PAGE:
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MathGroup Archive 2004

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Re: Re: Mathematica language issues

  • To: mathgroup at smc.vnet.net
  • Subject: [mg53029] Re: [mg53011] Re: Mathematica language issues
  • From: Andrzej Kozlowski <akoz at mimuw.edu.pl>
  • Date: Mon, 20 Dec 2004 06:35:01 -0500 (EST)
  • Sender: owner-wri-mathgroup at wolfram.com

On 19 Dec 2004, at 20:15, Maxim wrote:

> On Sat, 18 Dec 2004 09:36:01 +0000 (UTC), Andrzej Kozlowski
> <akoz at mimuw.edu.pl> wrote:
>
>>
>> On 17 Dec 2004, at 19:20, Maxim wrote:
>>
>>> In[5]:=
>>> Unevaluated[1 + 1]*2
>>> 2*Unevaluated[1 + 1]
>>>
>>> Out[5]=
>>> 4
>>>
>>> Out[6]=
>>> 2*Unevaluated[1 + 1]
>>>
>>
>> This is not a glitch but works exactly as one woudl expect.  You can
>> see the difference and the reason by looking at Trace in both cases
>> (although there is no need for that, if you understand Unevaluated you
>> can see it right away).
>>
>> First:
>> 2*Unevaluated[1+1]//Trace
>>
>>
>> {2 (1+1),2 Unevaluated[1+1]}
>>
>>
>> First Unevaluated is stipped away and Mathematica attempts ot evaluate
>> 2*(1+1). Since it knows no rule to apply and the expression has not
>> changed Unevaluated is restored and evaluation is completed with the
>> output you see.
>>
>>
>>
>> Unevaluated[1+1]*2//Trace
>>
>> {(1+1) 2,2 (1+1),{1+1,2},2 2,4}
>>
>> As before, first Unevaluated is stripped away and Mathematica tires to
>> evaluate 2*(1+1). It now knows a rule to apply, which is given by the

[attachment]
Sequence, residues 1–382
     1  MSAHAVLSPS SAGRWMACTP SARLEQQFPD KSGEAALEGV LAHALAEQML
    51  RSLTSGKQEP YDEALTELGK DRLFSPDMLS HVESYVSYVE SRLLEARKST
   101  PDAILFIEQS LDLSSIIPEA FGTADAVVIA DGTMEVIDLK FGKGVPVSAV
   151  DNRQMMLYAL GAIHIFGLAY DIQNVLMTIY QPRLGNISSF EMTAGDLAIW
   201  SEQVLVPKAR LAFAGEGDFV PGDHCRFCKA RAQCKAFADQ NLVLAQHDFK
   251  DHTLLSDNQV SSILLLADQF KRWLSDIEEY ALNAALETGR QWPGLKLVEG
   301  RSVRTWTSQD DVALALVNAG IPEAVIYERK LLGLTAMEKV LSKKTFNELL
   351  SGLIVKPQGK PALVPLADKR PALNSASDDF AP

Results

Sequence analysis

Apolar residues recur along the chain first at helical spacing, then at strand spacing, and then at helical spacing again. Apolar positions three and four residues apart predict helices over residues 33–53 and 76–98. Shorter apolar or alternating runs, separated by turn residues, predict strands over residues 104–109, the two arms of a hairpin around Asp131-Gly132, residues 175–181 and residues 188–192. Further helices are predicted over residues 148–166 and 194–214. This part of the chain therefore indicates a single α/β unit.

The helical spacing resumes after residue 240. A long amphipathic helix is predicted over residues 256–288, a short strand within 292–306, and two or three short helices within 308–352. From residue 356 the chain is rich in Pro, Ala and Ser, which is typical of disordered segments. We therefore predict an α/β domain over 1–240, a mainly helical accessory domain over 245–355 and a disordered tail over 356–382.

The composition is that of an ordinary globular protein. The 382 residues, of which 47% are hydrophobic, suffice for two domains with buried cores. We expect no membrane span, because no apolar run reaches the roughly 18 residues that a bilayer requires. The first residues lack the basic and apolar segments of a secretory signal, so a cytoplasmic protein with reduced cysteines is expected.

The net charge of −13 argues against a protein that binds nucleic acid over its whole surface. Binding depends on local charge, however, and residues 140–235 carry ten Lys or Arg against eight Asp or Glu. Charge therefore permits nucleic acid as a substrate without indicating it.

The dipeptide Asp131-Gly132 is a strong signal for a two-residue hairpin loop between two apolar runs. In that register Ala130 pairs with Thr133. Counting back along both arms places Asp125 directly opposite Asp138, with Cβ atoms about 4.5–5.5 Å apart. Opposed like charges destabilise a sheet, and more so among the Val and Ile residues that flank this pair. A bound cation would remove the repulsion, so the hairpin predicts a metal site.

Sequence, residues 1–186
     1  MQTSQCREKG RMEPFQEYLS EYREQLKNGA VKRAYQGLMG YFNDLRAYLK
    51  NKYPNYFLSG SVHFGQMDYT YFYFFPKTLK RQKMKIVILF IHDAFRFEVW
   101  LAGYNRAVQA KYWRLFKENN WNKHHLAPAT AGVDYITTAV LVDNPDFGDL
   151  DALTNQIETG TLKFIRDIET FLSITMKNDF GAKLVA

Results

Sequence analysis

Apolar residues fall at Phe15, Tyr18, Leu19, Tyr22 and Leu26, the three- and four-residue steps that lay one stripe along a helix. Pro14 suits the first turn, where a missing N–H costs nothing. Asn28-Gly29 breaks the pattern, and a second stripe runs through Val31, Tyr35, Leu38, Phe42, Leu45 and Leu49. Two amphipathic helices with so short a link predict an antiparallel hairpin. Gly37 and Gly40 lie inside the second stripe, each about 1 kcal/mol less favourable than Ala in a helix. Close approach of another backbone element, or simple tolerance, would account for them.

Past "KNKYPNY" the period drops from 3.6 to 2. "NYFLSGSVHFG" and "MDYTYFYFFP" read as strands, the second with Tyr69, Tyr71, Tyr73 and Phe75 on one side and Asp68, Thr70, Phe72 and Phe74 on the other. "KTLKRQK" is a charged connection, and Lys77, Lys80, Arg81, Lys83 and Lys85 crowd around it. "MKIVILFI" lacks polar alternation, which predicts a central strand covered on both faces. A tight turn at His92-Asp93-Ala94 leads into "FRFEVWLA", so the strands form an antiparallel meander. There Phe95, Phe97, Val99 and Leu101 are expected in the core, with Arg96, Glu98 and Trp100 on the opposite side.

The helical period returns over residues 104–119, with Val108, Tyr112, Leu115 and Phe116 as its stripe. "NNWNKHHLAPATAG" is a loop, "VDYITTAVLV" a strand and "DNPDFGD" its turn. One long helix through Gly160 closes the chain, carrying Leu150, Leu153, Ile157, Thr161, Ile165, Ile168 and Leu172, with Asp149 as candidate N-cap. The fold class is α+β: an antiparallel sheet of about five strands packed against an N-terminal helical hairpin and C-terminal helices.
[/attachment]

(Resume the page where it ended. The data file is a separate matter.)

>> Orderless attribute and the canonical ordering, so it converts the
>> expression into the form 2 (1+1). But now Unevaluated is not restored
>> because the expression has changed so evaluation continues with 1+1
>> evaluationg to 2 and finally you obtain 4.
>>
>> Now, I have honstly considered this case only because I could see at
>> once what what was going on. I do not knwo if any of the others are
>> glitches but jusdging by my experience with the past "language
>> glitches" you have reported (unlike the more serious problems desribed
>> in your last posting) I rather doubt it. However I have no time to
>> spend on this just to prove a point (again).
>>
>>
>>
>> Andrzej Kozlowski
>> Chiba, Japan
>> http://www.akikoz.net/~andrzej/
>> http://www.mimuw.edu.pl/~akoz/
>>
>
> I do not agree. Suppose we evaluate z*Unevaluated[1 + 1]; according to
> your explanation, after the reordering of the factors Unevaluated 
> should
> disappear from the final result. However, the expression evaluates to
> Unevaluated[1 + 1]*z. Further, suppose we take Unevaluated[1
> + 1]*Sin[Pi/4]: Sin[Pi/4] evaluates to 1/Sqrt[2], so in this case an
> evaluation step definitely takes place; however, the output is
> Unevaluated[1 + 1]/Sqrt[2]. Your theory simply doesn't work. But even 
> if
> it did, there is another problem: suppose I use Sin[Pi/8] instead of
> Sin[Pi/4] -- then first you would need to know whether Mathematica has 
> a
> built-in rule for Sin[Pi/8] to arrive at any conclusion as to how it 
> might
> work with Unevaluated (that is, what will count as an evaluation 
> step?).
> So to apply your explanation we would have to search through all the
> built-in rules of Mathematica.
>
> Maxim Rytin
> m.r at inbox.ru
>
>
>
The principle behind Unevaluated, which I  described above and which 
gos like this : strip off Unevaluated, keep applying all known rules to 
the expression (without evaluating the part that is supposed to be 
Unevaluated) then check if the expression "has changed", if not restore 
Unevaluated, if yes do not restore it. I have not invented it, it can 
be found in several perfectly reliable sources including  Michael